HOBBS, N.M. (KRQE) – The City of Hobbs announced Thursday they will be cracking down on shoplifting during the holiday season. In a press release, officials say that personnel and resources will be dedicated in an effort to make sure shoplifting crimes are thoroughly investigated and prosecuted.
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“The common misconception regarding shoplifting crimes is that there is no ‘victim’ for the crime,” said City Attorney Efren Cortez in a statement. “In truth, shoplifting crimes victimize the business owners through lost profits and the consumer through increased prices.” Cortez pointed out that businesses are already experiencing problems due to supply chain issues and shoplifting compounds the problem.
“Every single store here in our city has had a shoplifting incident or two, but we are just here waiting for the phone call to take care of it correctly when they do call,” said Lt. Alvin Mattocks of the Hobbs Police Department.
Shoplifting is a misdemeanor crime with penalties up to a $500 fine and 90 days in jail per charge in Hobbs. In October, they received 23 calls from the city’s main shopping district. In November, the number jumped to 34. “What can we do to help or support our small businesses or local businesses and that is what we had determined. We may tell them to file with us we can definitely help you out that kind of stuff,” said Deputy City Attorney Valerie Chacon. “This isn’t a victimless crime.”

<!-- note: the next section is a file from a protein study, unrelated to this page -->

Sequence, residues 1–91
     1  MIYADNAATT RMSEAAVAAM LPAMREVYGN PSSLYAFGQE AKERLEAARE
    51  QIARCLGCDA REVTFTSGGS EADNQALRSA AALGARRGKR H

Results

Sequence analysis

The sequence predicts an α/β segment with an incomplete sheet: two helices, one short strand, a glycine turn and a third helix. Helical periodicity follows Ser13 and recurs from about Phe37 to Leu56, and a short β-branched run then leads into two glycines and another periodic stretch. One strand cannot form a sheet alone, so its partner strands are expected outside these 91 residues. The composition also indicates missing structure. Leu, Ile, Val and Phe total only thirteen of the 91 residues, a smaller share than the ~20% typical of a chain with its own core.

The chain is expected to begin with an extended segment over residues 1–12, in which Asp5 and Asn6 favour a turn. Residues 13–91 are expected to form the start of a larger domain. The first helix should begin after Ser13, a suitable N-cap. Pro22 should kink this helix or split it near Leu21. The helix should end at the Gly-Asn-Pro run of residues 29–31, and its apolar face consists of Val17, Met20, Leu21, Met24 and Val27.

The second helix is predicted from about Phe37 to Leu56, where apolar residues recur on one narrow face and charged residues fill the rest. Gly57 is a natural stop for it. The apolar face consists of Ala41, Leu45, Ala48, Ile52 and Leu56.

One Hobbs business has even started to allow employees to bring a firearm to work to help deter theft. Police say that it’s the business’s right to allow that.
Lt. Mattocks said, “We have no say in that because it’s their business, whatever they say and do at that particular business that’s their decision. We do not have any words on that.”
The Hobbs police are starting increased patrols throughout the city’s shopping centers to try and deter or catch shoplifters. They have caught three shoplifters in the last month. If they can connect these criminals to more than one crime, they will take these charges to the district court as serial shoplifters.